3. Fix Delinquent Debt
  4. Not everyone has a perfect credit history and that’s okay, but taking accountability is the first step to earning your ideal credit score. Prioritizing debt that has gone to collections is a key priority and sometimes this debt can be settled for less than full the amount and get taken off of your credit report.


  5. Dispute Problematic Claims
  6. Not everything on your credit report is set in stone and some of it may not be true. Certain marks on your credit report can be removed if submitted in writing. The FTC has a whole article on disputing information on your credit report.


    Clients who work with Aldora Capital can also opt to have us send these letters on your behalf.


  7. Get Total Credit Utilization Down To 30% (and then to 10%!)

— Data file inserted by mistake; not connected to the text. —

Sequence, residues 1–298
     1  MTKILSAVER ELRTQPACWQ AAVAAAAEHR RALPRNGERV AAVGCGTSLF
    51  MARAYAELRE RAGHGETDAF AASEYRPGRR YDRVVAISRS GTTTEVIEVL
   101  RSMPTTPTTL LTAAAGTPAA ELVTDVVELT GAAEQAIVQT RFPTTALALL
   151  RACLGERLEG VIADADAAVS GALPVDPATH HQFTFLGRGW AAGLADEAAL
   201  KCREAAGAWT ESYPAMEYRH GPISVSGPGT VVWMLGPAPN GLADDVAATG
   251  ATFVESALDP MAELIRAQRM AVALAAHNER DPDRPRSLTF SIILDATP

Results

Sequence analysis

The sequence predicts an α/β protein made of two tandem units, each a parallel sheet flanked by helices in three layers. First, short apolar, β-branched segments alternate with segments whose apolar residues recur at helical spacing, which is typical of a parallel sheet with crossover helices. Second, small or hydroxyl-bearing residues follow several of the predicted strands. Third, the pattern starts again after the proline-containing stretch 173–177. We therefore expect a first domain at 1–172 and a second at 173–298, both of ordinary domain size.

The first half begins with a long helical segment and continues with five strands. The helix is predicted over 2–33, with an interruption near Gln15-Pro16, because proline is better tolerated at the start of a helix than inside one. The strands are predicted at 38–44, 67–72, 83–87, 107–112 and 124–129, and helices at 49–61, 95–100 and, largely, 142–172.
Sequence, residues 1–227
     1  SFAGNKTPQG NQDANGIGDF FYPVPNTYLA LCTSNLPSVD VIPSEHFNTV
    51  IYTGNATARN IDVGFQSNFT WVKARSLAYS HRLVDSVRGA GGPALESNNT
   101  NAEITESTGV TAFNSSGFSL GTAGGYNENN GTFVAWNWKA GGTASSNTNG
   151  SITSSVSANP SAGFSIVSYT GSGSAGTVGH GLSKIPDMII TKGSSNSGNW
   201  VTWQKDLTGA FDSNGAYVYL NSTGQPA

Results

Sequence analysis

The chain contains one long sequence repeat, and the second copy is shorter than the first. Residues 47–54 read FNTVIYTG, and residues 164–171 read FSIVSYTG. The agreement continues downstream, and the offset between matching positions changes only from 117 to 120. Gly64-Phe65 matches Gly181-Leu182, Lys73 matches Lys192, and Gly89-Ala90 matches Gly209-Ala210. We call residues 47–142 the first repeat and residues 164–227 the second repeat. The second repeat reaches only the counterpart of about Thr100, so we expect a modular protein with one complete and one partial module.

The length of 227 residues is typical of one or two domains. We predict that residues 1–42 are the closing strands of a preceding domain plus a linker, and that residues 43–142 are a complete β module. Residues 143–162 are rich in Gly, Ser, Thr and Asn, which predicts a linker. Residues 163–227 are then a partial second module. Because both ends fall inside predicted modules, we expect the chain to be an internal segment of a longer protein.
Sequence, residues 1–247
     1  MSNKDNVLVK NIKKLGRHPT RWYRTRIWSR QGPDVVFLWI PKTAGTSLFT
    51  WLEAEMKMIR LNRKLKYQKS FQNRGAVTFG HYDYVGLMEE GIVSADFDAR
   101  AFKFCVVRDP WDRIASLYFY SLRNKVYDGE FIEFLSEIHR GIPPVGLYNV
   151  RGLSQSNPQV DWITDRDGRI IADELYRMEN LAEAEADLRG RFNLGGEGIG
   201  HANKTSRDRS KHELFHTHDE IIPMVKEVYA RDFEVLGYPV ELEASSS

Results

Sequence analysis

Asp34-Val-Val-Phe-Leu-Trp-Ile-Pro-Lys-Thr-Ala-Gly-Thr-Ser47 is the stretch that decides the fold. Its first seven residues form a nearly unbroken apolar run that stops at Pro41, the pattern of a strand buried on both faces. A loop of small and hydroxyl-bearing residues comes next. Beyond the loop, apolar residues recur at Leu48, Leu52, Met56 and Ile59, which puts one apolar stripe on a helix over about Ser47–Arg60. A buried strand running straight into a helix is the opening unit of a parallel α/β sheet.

8. Keeping a low utilization rate is the best way to communicate you can handle a large amount of debt. This will also help to lower your DTI.


Conclusion

Although there may not be a globally agreed ideal credit score, looking at the credit score ranges for both FICO and Vantage Score gives us a good idea of what credit scores are prefereed by lenders. Credit Reporting agencies also provide enough data for us to determine how to increase our scores regardless of their starting values. Thankfully, there exist consistent benchmarks that it met, will lead you toward your personal ideal credit score:


  1. Make A Budget of Income and Expenses
  2. Fix Delinquent Debt
  3. Dispute Problematic Claims
  4. Get Total Credit Utilization Down To 30% (and then to 10%!)

You don’t have to keep the same credit score forever.


You have the power to change your credit score and better your financial situation.


What steps are you going to take to make your ideal credit score today?


Last Updated Date: 2018-07-30